“Don’t wait until you are out of work or laid off to change. If we have learned one huge lesson from the current employment scenario, its pay attention to and keep changing with change.”

In the summer of 2005, I realized that my 23 year career in broadcast radio was about to change dramatically. I could feel the winds of change blowing in my “corporate culture.” It just felt weird and I just knew.

Personal transition process

I started my personal transition process, in my head, simply by thinking about why I was feeling like it just wasn’t working for me on many levels anymore, and I am the kind of person who wants and needs my career job to be working.

First, I had to honestly assess if there were any more growth and mobility opportunities where I was, and then I had to look at myself, with regard to what  I really wanted to do and if I was qualified and  prepared to do it.

I spent almost a year going on interviews, both locally and nationally, exploring other industries and employment jobs to try to see what resonated with me. I also looked at what skills and intangibles I brought to the table that made me valuable and interesting. Maybe I didn’t realize it then, but I was reviewing and updated my “personal brand”.

As I look back, it was really a smart process and revealed a lot about me. Back then jobs were much more plentiful and there were a lot of them in my business. Today, I would not have those same choices and options. Today,  ‘sharpening your saw’ is one of the most important professional development commitments you can make.

Here are five  lessons that I learned about my career transition process that you can apply to your own career, job, work, and employment situation today.

  1. Identify what you want to do and what you are qualified to do. Look at all your “transferable skills”, all those jobs you have done that define all your skill sets. Women tend to have done many things with regard to this, that they may not think count. Did you baby sit, were you a camp counselor, did you work in the family business growing up, volunteer, and let’s not forget stay at home Mom to raise the kids? All those things developed skills!
  2. Don’t rush change, trust your process. Opportunities will present themselves, but they may not be all the right or best decisions to make. Qualify the opportunities, based on your situation. Women have so many things they multi-task on. Timing will play a big part in things with regard to raising the kids and possibly taking care of parents.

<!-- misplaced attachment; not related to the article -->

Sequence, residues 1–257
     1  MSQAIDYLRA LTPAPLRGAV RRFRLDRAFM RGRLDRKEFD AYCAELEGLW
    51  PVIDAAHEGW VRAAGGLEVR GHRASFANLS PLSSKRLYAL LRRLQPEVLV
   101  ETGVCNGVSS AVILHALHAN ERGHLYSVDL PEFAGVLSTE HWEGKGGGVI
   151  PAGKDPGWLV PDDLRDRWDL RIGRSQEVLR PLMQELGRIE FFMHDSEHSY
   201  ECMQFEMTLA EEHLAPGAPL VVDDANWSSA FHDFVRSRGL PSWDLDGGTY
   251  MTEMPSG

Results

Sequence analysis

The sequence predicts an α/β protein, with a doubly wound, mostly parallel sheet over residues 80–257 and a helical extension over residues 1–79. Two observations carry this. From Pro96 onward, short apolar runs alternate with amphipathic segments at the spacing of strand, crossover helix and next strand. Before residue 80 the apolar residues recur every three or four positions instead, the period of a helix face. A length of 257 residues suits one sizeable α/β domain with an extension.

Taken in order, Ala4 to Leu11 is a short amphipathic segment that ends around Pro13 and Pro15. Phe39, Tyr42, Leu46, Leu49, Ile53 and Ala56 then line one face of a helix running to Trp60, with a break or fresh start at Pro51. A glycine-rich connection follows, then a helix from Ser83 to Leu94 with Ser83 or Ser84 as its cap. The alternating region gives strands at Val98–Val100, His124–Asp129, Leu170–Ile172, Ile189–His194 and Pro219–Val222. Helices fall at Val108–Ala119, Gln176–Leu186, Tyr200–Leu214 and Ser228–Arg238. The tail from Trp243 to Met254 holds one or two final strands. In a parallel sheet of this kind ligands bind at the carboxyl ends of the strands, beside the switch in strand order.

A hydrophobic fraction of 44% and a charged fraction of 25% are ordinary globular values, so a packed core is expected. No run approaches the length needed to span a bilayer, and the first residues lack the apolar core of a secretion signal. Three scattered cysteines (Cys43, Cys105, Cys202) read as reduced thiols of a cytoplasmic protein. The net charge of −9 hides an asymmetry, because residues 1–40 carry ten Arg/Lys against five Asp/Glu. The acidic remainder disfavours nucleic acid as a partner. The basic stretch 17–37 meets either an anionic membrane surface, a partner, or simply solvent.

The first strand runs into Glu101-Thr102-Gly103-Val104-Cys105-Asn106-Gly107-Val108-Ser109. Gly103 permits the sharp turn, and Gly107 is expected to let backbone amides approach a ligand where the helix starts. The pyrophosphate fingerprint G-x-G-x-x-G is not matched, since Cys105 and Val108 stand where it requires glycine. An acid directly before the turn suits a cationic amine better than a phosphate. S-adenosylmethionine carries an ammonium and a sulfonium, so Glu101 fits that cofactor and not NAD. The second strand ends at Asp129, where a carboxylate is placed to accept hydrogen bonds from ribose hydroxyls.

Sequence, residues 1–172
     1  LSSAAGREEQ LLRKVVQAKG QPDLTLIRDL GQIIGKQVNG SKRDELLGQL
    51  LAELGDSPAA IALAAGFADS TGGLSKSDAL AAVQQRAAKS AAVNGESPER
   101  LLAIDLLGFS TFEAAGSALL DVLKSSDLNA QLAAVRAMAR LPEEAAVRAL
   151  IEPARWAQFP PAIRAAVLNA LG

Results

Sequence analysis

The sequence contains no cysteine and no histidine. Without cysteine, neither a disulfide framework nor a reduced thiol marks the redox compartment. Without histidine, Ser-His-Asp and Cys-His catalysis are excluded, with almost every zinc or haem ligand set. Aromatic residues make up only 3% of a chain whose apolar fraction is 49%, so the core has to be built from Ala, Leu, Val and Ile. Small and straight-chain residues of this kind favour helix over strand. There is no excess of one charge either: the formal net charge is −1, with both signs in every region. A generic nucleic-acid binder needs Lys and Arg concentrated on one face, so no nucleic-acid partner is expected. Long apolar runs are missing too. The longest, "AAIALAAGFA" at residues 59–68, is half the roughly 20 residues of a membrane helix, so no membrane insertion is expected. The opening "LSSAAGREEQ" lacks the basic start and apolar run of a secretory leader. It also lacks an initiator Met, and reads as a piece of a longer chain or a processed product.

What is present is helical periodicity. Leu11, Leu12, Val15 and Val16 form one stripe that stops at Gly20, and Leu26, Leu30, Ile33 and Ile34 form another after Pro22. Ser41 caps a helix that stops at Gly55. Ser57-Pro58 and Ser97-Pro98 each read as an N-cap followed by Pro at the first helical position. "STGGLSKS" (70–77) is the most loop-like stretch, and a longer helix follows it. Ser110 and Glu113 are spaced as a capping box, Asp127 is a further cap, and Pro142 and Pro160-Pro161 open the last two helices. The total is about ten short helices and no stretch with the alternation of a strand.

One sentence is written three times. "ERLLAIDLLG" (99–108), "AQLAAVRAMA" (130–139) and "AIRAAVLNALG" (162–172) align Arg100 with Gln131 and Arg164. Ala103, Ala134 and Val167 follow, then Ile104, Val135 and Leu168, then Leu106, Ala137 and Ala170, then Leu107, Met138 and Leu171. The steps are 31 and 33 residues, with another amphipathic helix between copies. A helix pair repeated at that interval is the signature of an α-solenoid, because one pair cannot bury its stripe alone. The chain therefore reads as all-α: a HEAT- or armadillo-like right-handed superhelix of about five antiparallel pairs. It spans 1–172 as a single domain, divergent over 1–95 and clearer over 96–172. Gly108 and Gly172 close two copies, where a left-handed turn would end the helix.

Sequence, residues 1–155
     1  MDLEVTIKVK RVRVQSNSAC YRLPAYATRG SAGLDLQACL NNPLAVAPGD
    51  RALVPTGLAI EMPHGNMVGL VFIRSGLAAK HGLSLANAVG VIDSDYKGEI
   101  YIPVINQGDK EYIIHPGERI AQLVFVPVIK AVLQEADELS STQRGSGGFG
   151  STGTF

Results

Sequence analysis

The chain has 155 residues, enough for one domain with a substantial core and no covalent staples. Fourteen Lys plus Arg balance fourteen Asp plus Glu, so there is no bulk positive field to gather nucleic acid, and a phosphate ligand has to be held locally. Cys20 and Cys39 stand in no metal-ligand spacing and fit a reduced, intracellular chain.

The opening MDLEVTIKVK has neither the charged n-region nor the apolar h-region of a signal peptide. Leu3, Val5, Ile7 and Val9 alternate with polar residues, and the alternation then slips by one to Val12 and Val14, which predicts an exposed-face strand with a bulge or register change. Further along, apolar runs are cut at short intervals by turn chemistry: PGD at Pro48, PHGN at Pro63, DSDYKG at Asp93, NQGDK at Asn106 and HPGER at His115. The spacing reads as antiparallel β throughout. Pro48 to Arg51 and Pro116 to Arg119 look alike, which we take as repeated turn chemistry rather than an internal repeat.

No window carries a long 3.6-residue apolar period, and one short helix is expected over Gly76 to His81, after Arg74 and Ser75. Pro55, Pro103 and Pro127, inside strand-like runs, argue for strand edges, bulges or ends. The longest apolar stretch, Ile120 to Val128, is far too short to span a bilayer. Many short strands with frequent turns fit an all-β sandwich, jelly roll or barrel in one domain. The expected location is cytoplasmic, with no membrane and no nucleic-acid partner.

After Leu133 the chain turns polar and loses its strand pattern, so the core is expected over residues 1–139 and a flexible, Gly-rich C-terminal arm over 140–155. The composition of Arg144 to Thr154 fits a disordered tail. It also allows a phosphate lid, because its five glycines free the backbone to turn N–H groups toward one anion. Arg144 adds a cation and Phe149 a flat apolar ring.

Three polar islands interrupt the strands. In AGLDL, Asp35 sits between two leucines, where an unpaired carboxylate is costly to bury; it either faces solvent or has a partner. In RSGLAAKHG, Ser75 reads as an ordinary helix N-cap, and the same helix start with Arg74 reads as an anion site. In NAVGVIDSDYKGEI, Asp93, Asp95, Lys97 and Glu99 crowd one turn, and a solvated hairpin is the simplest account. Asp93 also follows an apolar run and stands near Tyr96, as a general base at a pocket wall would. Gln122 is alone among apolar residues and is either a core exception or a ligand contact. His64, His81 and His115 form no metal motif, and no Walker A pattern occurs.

3. Be prepared and honest when presenting yourself. You really can’t fudge the truth with creating resume writing. Know what your strong assets are and lead with them. Don’t hide your liabilities, but don’t lead with them, we all have “stuff”, or we wouldn’t be human.
  4. Evaluate your current skill levels. The business world has changed and what’s now required to get hired has changed. Review your personal, professional, technology, and social networking proficiency. If you need to upgrade skills, take some local courses through local chambers, schools, professional organizations, online. Women need to be as skill qualified as possible to earn the job!
  5. Develop a bold, strong personal brand and persona that sets you apart and helps you stand out. Personality, mindset, energy, attitude, image are all-important today to stand out and be noticed. Again, evaluate where you are with regard to your professional image, online and offline networking, sales, communication skills and being a part of your community. Upgrade, improve, tweak, and grow whenever and wherever you can. Women have a natural ability to communicate and connect. Use it, to create and share your unique and engaging personality.

Career Transition is happening all the time, even when you are working and employed. Keep moving and changing and your personal brand should and will evolve as you do.  Keep adding value for what you do. Stay relevant and current.

I found this great post, “Get Ready to Be a Changemaker” by Bill Drayton and Valerie Budinich. “We are on the cusp of a fundamental change — a worldwide change in the skills everyone needs to succeed, in the nature of organizations, and in how businesses must be led.”

How are you and how can you become more of a “change-maker” for yourself?


Deborah Shane is an author, entrepreneur, radio host and expert. She is the leader of her business education and professional development company, Train with Shane, hosts a weekly business radio show, and writes for several national business, career and marketing blogs, and websites. Her book Career Transition-make the shift-the 5 steps to successful career reinvention comes out in early 2011. Connect with her on Twitter, Facebook, LinkedIn and Blogtalkradio at Deborah Shane, or visit www.deborahshane.com.